Erin's 21 weeks and a day now and we booked ourselves in 10 weeks ago.  Last time we took a bunch of questions which were answered easily with astounding reassurance and we left proudly bouncing all the way to the coffee shop where we reflected on what had happened. However, the 10 weeks since seeing the midwife has been a long time to dwell on other worries and another list of question were drawn up on Tuesday night.

They were nothing that hadn't been asked before so we asked them and they were answered:

The right side of Erin's bump seems to be bigger, is this normal?

Babies often start lying on the right but will move over as it gets bigger as more organs are on that side. It'll get more central.

How do you stop heartburn?

There's a natural acid build up during pregnancy.  Eat little but often and also milk before bedtime could work to reduce the acid build up.

Can we call an ambulance if we think things are going too fast on the day, especially as the waters could break in the Christmas period? 

Yes, but they prefer you not to.  If it's an emergency it's all right. Call around for taxis before the big day as some taxis don't take you when the waters have broken.

There were more but I'll save you those.

At the end, again, we walked out with an excited jump in our step.  Tomorrow's the scan.

Monday, August 18, 2008

Kick off

It's been a big weekend of sport.  The Olympics continued with Britain doing better than expected and the English Football Premier League started. Erin went up to Scotland to visit our friends Sarah and Robin and my mate JB came to London. 

John and I did the ridiculously boyish thing of setting the alarm clock for Rebecca Addlington's second gold medal chance, aimed to stay up and watch Paula Radcliffe in the marathon which started just after midnight on Saturday, and set the alarm again in the middle of the night to watch Michael Phelps' 8th gold medal race.  We let Paula down by giving up and falling asleep in the marathon but saw the live swimming.

Erin, up in Scotland, seemed to have a great time and kept texting me as such throughout.  On the way back one took me by surprise: 'I wish you could feel what I'm feeling and when I come home, maybe you will.'

When she did get home we caught up and chatted and laughed about what we'd got up to and then when it was time to relax a little she told me to do what I'd got excited but forgotten about doing earlier.

'Did you feel it?'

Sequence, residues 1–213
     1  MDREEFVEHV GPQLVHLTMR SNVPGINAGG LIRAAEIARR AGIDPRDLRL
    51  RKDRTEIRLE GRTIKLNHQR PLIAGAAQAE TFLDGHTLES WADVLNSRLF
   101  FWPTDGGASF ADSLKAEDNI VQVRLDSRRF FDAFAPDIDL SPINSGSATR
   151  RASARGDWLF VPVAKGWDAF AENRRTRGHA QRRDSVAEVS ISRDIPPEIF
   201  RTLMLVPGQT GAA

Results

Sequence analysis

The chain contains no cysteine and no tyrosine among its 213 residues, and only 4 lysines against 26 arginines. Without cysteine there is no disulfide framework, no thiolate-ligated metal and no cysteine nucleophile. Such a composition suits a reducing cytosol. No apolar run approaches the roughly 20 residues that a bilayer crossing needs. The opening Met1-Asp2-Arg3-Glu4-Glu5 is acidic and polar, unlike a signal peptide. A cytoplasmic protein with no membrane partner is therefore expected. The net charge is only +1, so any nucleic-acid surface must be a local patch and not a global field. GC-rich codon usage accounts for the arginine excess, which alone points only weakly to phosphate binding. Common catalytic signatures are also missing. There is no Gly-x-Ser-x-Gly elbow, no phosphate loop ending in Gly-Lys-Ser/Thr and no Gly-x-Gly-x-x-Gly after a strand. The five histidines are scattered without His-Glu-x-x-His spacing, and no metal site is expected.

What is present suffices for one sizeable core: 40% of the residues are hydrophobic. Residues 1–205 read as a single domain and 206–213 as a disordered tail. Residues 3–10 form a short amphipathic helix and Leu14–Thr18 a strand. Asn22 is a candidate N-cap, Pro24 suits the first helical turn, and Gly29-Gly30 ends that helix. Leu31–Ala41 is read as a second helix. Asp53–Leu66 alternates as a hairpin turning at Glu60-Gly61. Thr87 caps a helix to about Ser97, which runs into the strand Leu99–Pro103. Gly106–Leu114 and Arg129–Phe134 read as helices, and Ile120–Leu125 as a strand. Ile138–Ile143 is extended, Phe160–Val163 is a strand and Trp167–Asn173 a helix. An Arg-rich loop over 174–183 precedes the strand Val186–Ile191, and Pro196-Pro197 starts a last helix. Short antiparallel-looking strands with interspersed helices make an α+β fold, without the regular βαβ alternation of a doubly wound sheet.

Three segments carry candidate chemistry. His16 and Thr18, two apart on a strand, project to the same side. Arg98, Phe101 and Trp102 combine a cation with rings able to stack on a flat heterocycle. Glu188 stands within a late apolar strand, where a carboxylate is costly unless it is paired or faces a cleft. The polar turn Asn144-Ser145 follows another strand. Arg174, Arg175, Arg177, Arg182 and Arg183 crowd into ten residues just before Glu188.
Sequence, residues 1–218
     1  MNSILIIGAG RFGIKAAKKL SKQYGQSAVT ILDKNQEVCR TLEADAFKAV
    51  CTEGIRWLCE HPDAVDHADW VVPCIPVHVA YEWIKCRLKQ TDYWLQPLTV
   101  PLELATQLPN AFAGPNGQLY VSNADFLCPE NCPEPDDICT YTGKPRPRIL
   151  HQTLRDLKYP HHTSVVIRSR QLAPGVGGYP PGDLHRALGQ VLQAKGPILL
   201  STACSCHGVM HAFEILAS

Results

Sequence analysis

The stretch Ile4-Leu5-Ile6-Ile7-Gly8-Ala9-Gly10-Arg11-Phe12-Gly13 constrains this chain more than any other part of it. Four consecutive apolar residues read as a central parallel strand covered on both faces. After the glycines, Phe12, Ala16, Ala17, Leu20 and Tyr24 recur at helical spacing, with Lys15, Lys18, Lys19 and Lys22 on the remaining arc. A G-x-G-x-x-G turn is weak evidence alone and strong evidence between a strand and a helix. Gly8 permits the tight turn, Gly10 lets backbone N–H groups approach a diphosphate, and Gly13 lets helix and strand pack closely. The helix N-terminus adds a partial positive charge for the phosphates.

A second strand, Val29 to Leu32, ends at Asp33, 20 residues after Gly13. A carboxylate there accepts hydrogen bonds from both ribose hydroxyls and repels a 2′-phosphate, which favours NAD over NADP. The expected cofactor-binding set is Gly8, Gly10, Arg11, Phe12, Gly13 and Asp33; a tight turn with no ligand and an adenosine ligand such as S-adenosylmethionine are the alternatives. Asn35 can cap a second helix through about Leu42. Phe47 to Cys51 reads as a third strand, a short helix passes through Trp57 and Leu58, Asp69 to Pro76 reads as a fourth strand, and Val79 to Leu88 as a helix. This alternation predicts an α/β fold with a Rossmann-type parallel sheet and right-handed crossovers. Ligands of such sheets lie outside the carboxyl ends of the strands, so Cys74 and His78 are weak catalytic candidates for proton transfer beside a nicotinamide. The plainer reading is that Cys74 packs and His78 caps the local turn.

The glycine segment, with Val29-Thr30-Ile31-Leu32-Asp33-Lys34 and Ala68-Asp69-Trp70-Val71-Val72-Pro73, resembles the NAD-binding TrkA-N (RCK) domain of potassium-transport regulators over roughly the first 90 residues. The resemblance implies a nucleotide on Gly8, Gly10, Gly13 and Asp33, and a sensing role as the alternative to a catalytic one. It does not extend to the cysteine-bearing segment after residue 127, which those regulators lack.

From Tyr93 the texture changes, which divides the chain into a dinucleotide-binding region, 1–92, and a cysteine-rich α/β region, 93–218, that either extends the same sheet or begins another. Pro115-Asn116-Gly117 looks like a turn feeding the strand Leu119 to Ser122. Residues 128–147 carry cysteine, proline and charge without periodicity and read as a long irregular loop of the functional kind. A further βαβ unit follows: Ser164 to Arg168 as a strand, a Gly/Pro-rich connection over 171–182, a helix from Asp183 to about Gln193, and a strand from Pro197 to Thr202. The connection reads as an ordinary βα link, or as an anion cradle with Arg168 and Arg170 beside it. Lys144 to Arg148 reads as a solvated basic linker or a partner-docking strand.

'Move your hand down a little?.'
'There? And again.'
'Yes, and yes.'

I closed my eyes to imagine what was going.  A kick? Or punch? Or a stretch? Who knows? It was just incredible to think what is going on in there.  A growth of life.  Is this where the verb to describe feelings, moving, comes from? 

It was even better than the strike scored against Sunderland for Liverpool to secure their first win of the season.

Thursday, August 14, 2008

The difference between boys and girls

Last weekend we spent time with our friends James and Claire.  They have a new niece called Maia. James and Claire each have the below pictures as their screensavers.

Guess who has which.

Did you aah then smile?

Tuesday, August 12, 2008

A rockin' and a rollin'

'Jay, Jay, come here and calm the baby down.' This was Erin's call to me from the bedroom as she wasn't feeling too good yesterday morning and went for a little extra sleep in the morning. 

'It's a rockin' and a rollin' in there,' she said looking at me mischievously. 

She told me to talk to it so I started by saying that it shouldn't try to be Michael Phelps or Rebecca Adlington just yet and rubbed Erin's belly with soothing cream. She said that the fluttery feelings have now turned into waves of movement. We are sure we could see where her head was. I gave an extra gentle rub.

I think she's about to pop and show a lot more soon.

The little one in there just wants more space.

Monday, August 11, 2008

A wobble

If Erin hadn't gone into her chosen profession I think she could have been in the FBI - remember she is American - or just been a plain and simple spy.  She's ridiculously intelligent, calm under pressure, good at learning languages and is very discrete. For me on the other hand it's a different story.  Being a bit thick and freaking out at tiny things are just two reasons why not. So it came as a surprise to me when Erin had a slight wobble on Sunday night, which caused more than a tremor of a wobble in our place.  

I could see something happening when she was on the phone with her dad.  Erin's mum wasn't in when she made the weekly phone call home but her dad was.  They talked together about a few things then she asked how quickly it took for the kids to appear after the waters broke - conversations like these are popping up all over the place at the moment.